„Nothing is more perishable than worn-out apparel, yet, thanks to documentary evidence, to the custom of burying people of high rank in their robes, and to the practice of wrapping up relics of saints in pieces of precious stuffs, we are enabled to form a veiy good idea of what these stuffs were like and where they came from. In the first instance they appear to have come from Byzantium, and from the East generally; but the manufacture afterwards extended to Sicily, and received great impetus at the Norman conquest of that island; Roger I. even transplanting Greek workmen from the towns sacked by his army, and settling them in Sicily. Of course many of the workers would be Mohammedans, and the old patterns, perhaps with the addition of sundry animals, would still continue in use; hence the frequency of Arabic inscriptions in the borders, the Cufic character being one of the most ornamental ever used. In the Hotel de Clu^ny at Paris are preserved the remains of the vestments of a bishop of Bayonne, found when his sepulchre was opened in 1853, the date of the entombment being the twelfth century. Some of these remains are cloth of gold, but the most remarkable is a very deep border ornamented with blue Cufic letters on a gold ground; the letters are fimbriated with white, and from them issue delicate red scrolls, which end in Arabic sort of flowers: this tissue probably is pure Eastern work. On the contrary, the coronation robes of the German emperors, although of an Eastern pattern, bear inscriptions which tell us very clearly where they were manufactured: thus the Cufic characters on the cope inform us that it was made in the city of Palermo in the year 1133, while the tunic has the date of 1181, but then the inscription is in the Latin language. The practice of putting Cufic inscriptions on precious stuffs was not confined to the Eastern and Sicilian manufactures; in process of time other Italian cities took up the art, and, either because it was the fashion, or because they wished to pass off" their own work as Sicilian or Eastern manufacture, imitations of Arabic characters are continually met with, both on the few examples that have come down to us of the stuffs themselves, or on painted statues or sculptured effigies. These are the inscriptions which used to be the despair of antiquaries, who vainly searched out their meaning until it was discovered that they had no meaning at all, and that they were mere ornaments. Sometimes the inscriptions appear to be imitations of the Greek, and sometimes even of the Hebrew. The celebrated ciborium of Limoges work in the Louvre, known as the work of Magister G. Alpais, bears an ornament around its rim which a French antiquary has discovered to be nothing more than the upper part of a Cufic word repeated and made into a decoration.“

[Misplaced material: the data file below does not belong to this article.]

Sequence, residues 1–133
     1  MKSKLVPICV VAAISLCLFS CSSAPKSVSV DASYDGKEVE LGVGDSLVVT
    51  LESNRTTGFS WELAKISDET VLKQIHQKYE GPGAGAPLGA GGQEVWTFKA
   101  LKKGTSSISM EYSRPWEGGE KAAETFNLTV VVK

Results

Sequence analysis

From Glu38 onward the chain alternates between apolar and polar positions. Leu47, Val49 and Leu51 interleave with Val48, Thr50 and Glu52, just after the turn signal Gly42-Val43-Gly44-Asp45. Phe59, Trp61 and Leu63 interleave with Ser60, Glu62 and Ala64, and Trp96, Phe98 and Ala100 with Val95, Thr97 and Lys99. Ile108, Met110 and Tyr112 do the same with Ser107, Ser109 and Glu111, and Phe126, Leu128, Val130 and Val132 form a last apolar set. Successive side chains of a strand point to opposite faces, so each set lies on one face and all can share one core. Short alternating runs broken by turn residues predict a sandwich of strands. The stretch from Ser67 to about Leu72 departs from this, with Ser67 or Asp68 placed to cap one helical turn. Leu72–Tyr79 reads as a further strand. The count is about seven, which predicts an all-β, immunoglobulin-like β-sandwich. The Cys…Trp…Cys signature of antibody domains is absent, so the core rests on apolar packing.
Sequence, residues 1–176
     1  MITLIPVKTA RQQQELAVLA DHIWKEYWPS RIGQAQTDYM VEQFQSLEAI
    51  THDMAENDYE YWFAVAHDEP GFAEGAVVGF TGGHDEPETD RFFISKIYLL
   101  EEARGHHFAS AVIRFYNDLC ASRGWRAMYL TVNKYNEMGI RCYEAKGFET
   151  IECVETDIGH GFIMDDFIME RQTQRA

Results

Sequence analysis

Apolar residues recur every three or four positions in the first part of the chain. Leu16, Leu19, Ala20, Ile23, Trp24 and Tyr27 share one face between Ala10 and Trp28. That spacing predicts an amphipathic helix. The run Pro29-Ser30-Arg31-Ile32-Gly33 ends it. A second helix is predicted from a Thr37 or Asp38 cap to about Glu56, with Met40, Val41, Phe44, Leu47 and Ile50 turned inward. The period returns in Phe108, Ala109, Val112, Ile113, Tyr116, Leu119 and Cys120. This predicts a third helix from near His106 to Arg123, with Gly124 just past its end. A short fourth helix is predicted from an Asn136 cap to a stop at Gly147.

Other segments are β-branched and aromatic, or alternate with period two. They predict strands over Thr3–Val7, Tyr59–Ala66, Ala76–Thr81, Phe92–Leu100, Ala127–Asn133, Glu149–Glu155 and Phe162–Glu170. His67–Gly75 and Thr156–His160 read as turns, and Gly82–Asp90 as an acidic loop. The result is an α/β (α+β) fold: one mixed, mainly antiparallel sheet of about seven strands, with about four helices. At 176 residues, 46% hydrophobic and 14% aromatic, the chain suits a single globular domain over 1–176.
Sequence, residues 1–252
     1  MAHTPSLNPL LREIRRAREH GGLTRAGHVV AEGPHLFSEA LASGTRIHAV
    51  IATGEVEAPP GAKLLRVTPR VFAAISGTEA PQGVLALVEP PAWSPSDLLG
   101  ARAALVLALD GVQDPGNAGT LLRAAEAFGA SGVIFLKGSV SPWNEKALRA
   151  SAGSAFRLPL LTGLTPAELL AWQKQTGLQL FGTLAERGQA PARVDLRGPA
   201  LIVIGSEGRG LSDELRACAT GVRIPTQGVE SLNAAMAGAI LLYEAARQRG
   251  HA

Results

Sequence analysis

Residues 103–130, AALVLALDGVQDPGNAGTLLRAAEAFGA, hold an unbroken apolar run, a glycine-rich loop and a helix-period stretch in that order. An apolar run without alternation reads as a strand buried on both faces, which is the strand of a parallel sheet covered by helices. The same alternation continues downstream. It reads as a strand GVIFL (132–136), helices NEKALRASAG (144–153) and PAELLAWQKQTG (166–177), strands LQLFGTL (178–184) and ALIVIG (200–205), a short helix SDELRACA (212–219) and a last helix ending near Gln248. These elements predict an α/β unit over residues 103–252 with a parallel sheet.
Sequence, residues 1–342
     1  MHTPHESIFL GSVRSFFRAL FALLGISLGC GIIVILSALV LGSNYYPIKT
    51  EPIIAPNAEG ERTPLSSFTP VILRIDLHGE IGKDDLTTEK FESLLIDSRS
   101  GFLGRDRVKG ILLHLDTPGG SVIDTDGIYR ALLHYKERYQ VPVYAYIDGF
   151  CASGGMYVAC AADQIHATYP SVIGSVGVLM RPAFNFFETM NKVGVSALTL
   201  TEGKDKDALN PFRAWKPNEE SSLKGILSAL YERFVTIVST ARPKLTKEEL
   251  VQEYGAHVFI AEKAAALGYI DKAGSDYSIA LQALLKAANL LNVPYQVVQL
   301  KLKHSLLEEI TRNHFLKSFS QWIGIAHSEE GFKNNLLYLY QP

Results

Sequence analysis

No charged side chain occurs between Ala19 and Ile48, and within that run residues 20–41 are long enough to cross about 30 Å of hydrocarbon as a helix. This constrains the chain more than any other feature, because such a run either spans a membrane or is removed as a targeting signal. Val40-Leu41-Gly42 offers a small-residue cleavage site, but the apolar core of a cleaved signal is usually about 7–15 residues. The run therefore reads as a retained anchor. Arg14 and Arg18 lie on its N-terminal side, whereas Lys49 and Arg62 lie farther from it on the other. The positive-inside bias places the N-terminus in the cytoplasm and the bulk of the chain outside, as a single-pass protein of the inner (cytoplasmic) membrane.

—  William Burges

Quote was introduced with the phrase:
In the lecture on the weaver's art, we are reminded of the superiority of Indian muslins and Chinese and Persian carpets, and the gorgeous costumes of the middle ages are contrasted with our own dark ungraceful garments. The Cufic inscriptions that have so perplexed antiquaries, were introduced with the rich Eastern stuffs so much sought after by the wealthy class, and though, as Mr. Burges observes
Quelle: Art applied to industry: a series of lectures, 1865, p. 85; Cited in: " Belles Lettres http://books.google.com/books?id=0EegAAAAMAAJ&pg=PA143" in: The Westminster Review, Vol. 84-85. Baldwin, Cradock, and Joy, 1865. p. 143

„I have been brought up in the 13th century belief, and in that belief I intend to die.“

—  William Burges

William Burges The Builder, Vol 34, 1876, p. 18: Cited in: Peter Galloway, The cathedrals of Ireland, 1992, p. 62; Also cited in Crook (2004)

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„Use a good strong thick bold line so that we may get into the habit of leaving out those prettinesses which only cost money and spoil our design.“

—  William Burges

Attributed to William Burges (1860) paper on architectural drawing in: Sir Reginald Theodore Blomfield (1912) Architectural drawing and draughtsmen https://archive.org/stream/cu31924015419991#page/n25/mode/2up, Cassell & company, limited, 1912. p. 6-7

„The civil engineer is the real 19th century architect.“

—  William Burges

William Burges in: The Ecclesiologist, Vol. 28, 1867, p. 156: Cited in Crook (2004)

„If we copy, the thing never looks right [and] the same occurs with regard to those buildings which do not profess to be copies; both they and the copies want spirit. They are dead bodies… We are at our wits.“

—  William Burges

William Burges "Art and Religion", in: The Church and the World: Essays on Questions of the Day, Orby Shipley ed., London, 1868, pp. 574-98; As cited in: John Pemble. Venice rediscovered. Clarendon Press, 16 mrt. 1995. p. 133

„The thirteenth century, in particular, was Burges’s chosen field, and he modelled his style of draughtsmanship on the famous sketchbook of Villard de Honnecourt in the Bibliothèque Nationale, Paris.“

—  William Burges

J. Mordaunt Crook, " Burges, William (1827–1881) http://www.oxforddnb.com/templates/article.jsp?articleid=3972&back=&version=2004-09", Oxford Dictionary of National Biography, Oxford University Press, 2004